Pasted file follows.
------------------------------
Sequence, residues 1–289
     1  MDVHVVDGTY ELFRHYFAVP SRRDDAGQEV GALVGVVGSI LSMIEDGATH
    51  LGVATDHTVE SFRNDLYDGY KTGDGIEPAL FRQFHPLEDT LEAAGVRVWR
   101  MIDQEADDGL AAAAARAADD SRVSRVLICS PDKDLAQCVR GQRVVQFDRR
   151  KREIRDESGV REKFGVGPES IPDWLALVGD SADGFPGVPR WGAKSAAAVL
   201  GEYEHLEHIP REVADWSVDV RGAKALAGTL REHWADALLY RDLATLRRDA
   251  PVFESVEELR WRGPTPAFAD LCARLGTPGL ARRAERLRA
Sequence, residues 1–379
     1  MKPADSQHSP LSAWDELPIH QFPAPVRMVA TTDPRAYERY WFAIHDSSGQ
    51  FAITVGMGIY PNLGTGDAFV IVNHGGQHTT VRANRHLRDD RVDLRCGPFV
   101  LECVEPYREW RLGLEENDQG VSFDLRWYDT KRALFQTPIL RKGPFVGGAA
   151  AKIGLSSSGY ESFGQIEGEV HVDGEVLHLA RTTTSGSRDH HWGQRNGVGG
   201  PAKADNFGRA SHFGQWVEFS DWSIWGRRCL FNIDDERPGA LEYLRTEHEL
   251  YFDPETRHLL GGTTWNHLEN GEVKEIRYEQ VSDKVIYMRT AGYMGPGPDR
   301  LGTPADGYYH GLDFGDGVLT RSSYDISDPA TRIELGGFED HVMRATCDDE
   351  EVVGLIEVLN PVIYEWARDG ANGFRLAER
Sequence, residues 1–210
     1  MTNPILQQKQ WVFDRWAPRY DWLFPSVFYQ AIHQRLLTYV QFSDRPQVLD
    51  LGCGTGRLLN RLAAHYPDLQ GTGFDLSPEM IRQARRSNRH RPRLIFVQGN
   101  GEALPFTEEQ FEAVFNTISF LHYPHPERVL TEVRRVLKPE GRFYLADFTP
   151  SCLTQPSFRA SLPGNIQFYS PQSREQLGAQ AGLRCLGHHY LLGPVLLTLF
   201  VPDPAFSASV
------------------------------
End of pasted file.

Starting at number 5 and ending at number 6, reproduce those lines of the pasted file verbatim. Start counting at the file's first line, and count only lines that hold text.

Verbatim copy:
   151  KREIRDESGV REKFGVGPES IPDWLALVGD SADGFPGVPR WGAKSAAAVL
   201  GEYEHLEHIP REVADWSVDV RGAKALAGTL REHWADALLY RDLATLRRDA